I am not as scared as I was at first, because I have seen God provide for me on this trip. And I know it will continue. It gives me such peace about being here. I really think that I am going to love it.

I made it Switzerland

Dear Friends,

Thank you so much for your prayers upon my departure. Everything went fine even though I worried entirely too much. I made it to London with out any problems. I was supposed to have an 8 hour layover in London. I thought that I would use this time to wonder around the city, but I was going to have to take all my luggage with me. So I asked to be put on an earlier flight and they did, for a fee. So I arrived in Switzerland about 6 hours early.

The part I was concerned about was how to get from the airport to where I was staying. I called the only number I had. A Swiss woman answered to I was forced to speak my broken French with here. I was relieved when Chef Wolfisberg got on the phone and spoke excellent English. He said someone would be right there to get me, that was such a blessing.

Here is my room that I will call home for the next three months.

So today I was able to have a tour of Geneva and see Lake Geneva. It is absolutely breathtaking. The city is so picturesque. I am going to love it here.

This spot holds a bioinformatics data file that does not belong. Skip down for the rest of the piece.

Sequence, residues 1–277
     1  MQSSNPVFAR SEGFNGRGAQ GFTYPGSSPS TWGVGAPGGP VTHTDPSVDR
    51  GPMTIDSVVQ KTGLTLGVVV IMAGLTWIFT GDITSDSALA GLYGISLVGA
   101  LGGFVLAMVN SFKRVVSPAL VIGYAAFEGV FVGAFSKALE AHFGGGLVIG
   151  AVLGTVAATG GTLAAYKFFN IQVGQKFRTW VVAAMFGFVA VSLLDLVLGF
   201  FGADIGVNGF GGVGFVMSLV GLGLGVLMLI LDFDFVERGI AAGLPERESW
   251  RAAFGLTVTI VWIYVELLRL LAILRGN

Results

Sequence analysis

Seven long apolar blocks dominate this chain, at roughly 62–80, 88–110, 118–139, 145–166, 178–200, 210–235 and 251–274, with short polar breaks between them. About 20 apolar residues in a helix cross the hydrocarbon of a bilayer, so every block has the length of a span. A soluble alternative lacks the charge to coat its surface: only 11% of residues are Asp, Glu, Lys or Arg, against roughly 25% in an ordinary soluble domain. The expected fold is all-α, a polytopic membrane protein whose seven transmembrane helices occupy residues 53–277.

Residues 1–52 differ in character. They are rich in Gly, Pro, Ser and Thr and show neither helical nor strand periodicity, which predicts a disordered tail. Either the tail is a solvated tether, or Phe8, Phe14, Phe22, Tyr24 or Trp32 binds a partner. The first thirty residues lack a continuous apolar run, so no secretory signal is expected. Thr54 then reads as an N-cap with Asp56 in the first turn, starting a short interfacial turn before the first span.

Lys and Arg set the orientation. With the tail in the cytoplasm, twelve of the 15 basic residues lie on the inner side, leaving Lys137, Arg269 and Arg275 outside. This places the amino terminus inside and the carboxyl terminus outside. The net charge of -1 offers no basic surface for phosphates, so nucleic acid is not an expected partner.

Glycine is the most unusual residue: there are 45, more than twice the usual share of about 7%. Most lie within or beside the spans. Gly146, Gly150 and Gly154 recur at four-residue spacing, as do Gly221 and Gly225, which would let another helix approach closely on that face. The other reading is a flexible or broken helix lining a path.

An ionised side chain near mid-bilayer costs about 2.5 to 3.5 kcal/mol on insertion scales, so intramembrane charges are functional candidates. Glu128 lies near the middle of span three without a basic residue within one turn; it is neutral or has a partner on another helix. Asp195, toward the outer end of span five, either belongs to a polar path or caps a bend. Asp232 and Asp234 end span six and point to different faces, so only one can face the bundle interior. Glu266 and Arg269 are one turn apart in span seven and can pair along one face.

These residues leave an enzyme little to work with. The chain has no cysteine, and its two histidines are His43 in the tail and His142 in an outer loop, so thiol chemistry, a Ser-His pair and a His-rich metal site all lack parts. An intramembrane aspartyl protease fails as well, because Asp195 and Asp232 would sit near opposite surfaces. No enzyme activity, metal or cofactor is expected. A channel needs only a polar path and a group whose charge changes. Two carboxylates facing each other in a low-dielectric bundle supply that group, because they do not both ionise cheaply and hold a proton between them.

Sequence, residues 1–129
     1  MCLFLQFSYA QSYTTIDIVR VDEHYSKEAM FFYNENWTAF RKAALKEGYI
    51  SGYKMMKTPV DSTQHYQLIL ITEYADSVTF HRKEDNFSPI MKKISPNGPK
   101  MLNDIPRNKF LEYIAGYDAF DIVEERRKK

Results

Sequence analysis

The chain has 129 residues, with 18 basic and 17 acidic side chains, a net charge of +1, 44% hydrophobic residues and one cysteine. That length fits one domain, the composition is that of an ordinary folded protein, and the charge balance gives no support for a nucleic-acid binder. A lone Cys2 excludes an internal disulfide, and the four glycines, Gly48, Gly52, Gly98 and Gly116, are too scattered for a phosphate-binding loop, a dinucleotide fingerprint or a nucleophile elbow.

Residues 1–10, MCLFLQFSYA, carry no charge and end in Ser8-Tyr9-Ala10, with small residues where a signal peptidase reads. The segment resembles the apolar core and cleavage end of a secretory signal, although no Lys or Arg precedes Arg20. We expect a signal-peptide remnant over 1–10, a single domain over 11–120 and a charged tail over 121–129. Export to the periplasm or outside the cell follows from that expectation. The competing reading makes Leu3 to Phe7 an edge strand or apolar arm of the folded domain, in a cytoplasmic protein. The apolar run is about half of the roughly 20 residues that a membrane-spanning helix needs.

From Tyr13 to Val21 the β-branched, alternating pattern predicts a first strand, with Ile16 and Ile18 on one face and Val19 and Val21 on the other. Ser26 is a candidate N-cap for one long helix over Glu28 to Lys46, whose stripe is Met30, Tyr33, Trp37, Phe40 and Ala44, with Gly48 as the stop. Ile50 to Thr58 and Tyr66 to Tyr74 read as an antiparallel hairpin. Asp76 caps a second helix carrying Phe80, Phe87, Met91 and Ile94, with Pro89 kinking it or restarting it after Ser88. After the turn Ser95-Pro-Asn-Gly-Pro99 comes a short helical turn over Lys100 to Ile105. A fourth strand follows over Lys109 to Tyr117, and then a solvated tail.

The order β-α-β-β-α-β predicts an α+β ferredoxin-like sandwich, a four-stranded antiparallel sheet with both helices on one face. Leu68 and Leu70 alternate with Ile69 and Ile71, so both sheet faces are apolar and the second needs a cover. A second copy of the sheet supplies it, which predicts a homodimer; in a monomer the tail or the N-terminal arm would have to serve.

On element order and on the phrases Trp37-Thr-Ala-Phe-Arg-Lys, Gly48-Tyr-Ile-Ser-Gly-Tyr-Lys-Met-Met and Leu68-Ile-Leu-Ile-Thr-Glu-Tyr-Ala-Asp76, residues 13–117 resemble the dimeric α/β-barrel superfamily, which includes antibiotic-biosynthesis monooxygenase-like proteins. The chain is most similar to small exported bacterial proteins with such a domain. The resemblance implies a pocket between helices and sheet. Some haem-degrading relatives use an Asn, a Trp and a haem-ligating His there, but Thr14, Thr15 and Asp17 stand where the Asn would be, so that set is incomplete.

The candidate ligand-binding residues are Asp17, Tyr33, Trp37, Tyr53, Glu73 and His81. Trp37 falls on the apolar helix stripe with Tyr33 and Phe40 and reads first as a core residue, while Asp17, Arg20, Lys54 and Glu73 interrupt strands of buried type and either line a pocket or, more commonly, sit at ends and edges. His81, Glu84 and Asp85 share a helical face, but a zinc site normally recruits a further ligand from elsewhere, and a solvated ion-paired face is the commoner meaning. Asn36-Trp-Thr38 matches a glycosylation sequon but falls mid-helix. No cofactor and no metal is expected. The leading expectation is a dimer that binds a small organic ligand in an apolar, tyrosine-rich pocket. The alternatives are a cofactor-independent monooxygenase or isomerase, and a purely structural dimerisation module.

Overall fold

Can I just say that I hate Swiss keyboards? Some of the letters are switched and it makes typing very difficult. I am going to have to learn how to do this all over again. I guess that comes with the territory of traveling.
Communicating is definitely going to be a challenge. The family I am staying with speaks English, and Spanish, and Itlaian, and German and French of course. I am so amazed. I feel like an idiot for only being able to speak English and that is not even great all the time.

But the people I will be working with speak mostly French. So I better learn it really fast or just figure out how to communicate other ways. Oh well, its an adventure right?
Thanks again for your prayers. I miss you all already.